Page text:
A counter at the bottom of the screen ticks off the hours as the boards are loaded onto a truck and delivered to the construction site. A crane then stacks them up like blocks. Workers bolt in pylons and piece together staircases; the glass and steel exterior rolls up onto the frame like a gleaming carpet.
At 360 hours, the ticker stops.
Building this way costs 20% to 30% less than traditional methods, said Jiang Yan, a senior vice president at Broad.
It’s also safer, said Zhang Yue, chief executive of Broad Group, because factories are typically less risky environments than construction sites.
“The faster, the safer,” Zhang said. “It’s like crossing the road. If you slowly walk back and forth in the middle of the road, that’s not safe.”
The China Academy of Building Research has declared Broad’s structures earthquake-resistant up to magnitude 9. (The largest recorded quake of the 20th century, which hit Chile in 1960, measured 9.5.) The company says the strength of its buildings comes from their lightweight steel structures and diagonal bracing.
Zhang said he got the idea to manufacture prefabricated buildings after a massive earthquake in Sichuan province in 2008 in which the collapse of poorly constructed buildings killed tens of thousands of people, many of them schoolchildren.
Zhang said it took about 200 of the company’s 900 employees to put up the hotel. They are paid $500 to $800 a month, above average for China. Although some company executives acknowledged that many workers put in well over 40 hours a week, Zhang said they do not work later than 10 p.m.
Unlike most Chinese tycoons, Zhang cultivates a reputation as an environmentalist. The company touts its sparing use of concrete to cut down on waste. Its buildings have low-energy lighting, water-saving toilets and elevators that generate electricity on the way down.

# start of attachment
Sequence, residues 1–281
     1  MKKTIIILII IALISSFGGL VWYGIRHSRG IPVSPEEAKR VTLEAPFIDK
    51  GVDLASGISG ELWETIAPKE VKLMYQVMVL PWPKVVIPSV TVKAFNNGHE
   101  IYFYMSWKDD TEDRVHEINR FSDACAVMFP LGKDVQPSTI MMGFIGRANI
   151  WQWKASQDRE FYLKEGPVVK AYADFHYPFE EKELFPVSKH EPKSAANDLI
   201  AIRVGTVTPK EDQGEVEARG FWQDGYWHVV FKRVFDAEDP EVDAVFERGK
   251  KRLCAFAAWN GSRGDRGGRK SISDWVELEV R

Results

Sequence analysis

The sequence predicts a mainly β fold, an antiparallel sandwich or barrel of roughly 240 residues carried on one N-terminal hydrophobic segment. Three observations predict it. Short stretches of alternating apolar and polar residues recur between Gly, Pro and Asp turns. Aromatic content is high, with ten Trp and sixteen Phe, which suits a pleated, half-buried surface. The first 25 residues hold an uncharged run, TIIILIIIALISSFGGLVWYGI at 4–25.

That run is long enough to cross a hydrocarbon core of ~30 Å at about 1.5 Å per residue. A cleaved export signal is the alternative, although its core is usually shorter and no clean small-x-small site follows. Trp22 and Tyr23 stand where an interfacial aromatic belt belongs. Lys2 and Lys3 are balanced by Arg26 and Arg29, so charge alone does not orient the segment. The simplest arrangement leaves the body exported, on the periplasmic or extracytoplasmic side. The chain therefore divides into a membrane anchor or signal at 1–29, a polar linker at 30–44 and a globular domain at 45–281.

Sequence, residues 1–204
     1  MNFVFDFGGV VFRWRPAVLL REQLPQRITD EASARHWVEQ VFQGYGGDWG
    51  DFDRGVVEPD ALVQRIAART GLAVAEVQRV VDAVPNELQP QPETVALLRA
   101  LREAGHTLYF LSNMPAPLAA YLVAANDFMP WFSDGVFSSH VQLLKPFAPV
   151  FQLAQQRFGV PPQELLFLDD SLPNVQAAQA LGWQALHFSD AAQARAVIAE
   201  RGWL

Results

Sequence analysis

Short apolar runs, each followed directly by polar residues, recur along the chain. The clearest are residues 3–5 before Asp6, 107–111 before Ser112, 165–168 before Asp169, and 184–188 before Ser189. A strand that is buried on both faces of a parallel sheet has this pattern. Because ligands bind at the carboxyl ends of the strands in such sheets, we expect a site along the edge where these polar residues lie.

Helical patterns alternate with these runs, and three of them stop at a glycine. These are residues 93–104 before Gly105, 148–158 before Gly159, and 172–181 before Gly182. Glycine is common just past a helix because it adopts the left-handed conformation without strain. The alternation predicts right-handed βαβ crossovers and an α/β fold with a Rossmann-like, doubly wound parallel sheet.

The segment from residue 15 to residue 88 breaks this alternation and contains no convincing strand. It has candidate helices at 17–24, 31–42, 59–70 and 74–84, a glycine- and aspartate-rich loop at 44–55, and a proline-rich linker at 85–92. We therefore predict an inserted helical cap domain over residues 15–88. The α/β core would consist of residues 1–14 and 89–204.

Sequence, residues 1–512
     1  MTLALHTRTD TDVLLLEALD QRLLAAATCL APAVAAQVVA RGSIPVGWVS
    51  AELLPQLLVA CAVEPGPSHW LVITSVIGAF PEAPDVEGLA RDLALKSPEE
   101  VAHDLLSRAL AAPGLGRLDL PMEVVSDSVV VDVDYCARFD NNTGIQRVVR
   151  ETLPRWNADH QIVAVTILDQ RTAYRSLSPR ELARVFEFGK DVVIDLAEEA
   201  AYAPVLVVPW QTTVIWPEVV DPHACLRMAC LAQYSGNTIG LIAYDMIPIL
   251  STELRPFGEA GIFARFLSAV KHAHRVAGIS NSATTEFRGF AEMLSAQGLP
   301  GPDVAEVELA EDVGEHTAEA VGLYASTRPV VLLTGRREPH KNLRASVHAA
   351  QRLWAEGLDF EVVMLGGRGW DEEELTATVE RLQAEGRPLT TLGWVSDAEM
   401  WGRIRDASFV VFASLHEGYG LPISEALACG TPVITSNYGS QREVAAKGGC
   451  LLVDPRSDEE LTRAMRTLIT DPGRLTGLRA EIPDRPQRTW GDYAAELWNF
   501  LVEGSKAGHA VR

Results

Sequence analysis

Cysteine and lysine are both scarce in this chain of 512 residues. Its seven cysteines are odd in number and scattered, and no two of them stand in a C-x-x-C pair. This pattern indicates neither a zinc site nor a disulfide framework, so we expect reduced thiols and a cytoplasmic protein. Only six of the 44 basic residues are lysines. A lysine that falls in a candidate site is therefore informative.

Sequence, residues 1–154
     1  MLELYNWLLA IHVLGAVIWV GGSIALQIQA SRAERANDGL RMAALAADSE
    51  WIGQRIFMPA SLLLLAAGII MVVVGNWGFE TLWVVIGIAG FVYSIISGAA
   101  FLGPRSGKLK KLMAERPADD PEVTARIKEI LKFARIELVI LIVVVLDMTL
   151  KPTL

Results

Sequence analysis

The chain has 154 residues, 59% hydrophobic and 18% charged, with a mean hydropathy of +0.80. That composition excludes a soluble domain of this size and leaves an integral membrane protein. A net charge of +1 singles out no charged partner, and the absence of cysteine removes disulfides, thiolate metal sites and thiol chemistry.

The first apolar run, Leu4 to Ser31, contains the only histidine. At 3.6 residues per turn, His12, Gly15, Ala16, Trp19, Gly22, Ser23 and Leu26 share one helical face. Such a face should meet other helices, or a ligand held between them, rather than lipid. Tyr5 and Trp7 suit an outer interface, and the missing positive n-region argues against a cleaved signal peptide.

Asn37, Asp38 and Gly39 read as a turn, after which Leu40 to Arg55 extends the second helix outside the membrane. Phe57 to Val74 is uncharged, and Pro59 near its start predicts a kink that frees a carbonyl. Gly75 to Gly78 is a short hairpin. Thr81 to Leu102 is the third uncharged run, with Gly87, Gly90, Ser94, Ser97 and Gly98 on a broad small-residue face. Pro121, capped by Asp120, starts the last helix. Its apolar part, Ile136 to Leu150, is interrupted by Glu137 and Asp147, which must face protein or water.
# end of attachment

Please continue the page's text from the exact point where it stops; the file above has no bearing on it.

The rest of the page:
Broad Sustainable Building has completed only a handful of projects. Its first was the 15-story New Ark Hotel, which the company built in about six days near Broad Group’s headquarters in 2010. Soon afterward, it built a six-story building at the 2010 Shanghai World Expo in less than 24 hours.
Its first international project was a two-story building erected at the United Nations Climate Change Conference in Cancun, Mexico, in 2010. Mexican President Felipe Calderon called it a “revolution of the world’s architectural and housing industry.”
The company says it is negotiating technology-transfer deals with firms in Brazil, Saudi Arabia, Mexico and India and hopes to establish partnerships in the United States.
Experts say that may not be easy. Broad’s buildings may not conform to U.S. fire codes. Labor laws could prevent employees from working the long hours required to construct a building with such speed.
Amy Lelyveld, a professor of architecture at Yale University, described prefabricated buildings in the U.S. as “kind of at the jewelry-making end of architecture” -- an expensive niche.
Lelyveld expressed concern about the adequacy of construction oversight on a complicated, hurriedly constructed building like the Changsha hotel.
“I wonder why it was so fast,” she said, adding that “if it was slower there might be more opportunities to inspect the work.”
Zhang, however, said Broad could adapt to labor and fire safety laws in other countries, and that employees’ workdays would drop to eight hours as the company’s technology improves. “We will use international standards,” he said.
Zhou Weidong, a vice president at Broad Sustainable Building, said the company was developing as quickly as its home country. Looking out the window of a company Buick, he noted that the squat concrete homes, convenience stores and auto repair shops lining the newly paved road between the headquarters of Broad Sustainable Building and central Changsha were at most a year old.
“Three years later, if you come back here, this will be a city,” he said. “That’s China. It changes overnight.”
Kaiman is a special correspondent.